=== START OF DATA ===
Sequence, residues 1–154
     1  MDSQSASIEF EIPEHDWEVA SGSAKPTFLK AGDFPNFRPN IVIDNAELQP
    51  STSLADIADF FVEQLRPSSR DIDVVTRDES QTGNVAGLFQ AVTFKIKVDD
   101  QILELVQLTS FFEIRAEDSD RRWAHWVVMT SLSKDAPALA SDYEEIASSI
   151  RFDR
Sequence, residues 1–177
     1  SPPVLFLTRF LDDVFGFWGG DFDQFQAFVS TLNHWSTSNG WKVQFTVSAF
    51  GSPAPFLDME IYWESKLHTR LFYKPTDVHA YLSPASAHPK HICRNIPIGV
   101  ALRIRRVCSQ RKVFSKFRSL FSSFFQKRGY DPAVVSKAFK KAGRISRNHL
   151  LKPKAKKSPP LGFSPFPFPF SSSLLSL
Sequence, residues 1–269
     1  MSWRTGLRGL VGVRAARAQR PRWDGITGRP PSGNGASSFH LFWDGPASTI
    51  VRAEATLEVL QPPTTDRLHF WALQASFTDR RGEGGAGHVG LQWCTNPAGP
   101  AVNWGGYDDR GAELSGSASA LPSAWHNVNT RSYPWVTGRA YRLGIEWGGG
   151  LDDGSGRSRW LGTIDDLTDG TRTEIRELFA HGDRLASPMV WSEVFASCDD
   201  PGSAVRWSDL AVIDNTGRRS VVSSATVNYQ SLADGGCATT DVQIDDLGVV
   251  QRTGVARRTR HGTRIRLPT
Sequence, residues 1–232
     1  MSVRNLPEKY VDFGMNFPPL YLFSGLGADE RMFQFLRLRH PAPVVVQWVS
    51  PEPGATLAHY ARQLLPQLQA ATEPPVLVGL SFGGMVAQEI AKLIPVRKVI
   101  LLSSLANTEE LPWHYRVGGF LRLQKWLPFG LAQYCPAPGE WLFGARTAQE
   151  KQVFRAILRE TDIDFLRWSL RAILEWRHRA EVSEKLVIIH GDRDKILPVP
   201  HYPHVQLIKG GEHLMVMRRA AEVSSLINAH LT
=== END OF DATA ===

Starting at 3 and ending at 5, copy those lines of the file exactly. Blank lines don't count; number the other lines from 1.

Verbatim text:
    51  STSLADIADF FVEQLRPSSR DIDVVTRDES QTGNVAGLFQ AVTFKIKVDD
   101  QILELVQLTS FFEIRAEDSD RRWAHWVVMT SLSKDAPALA SDYEEIASSI
   151  RFDR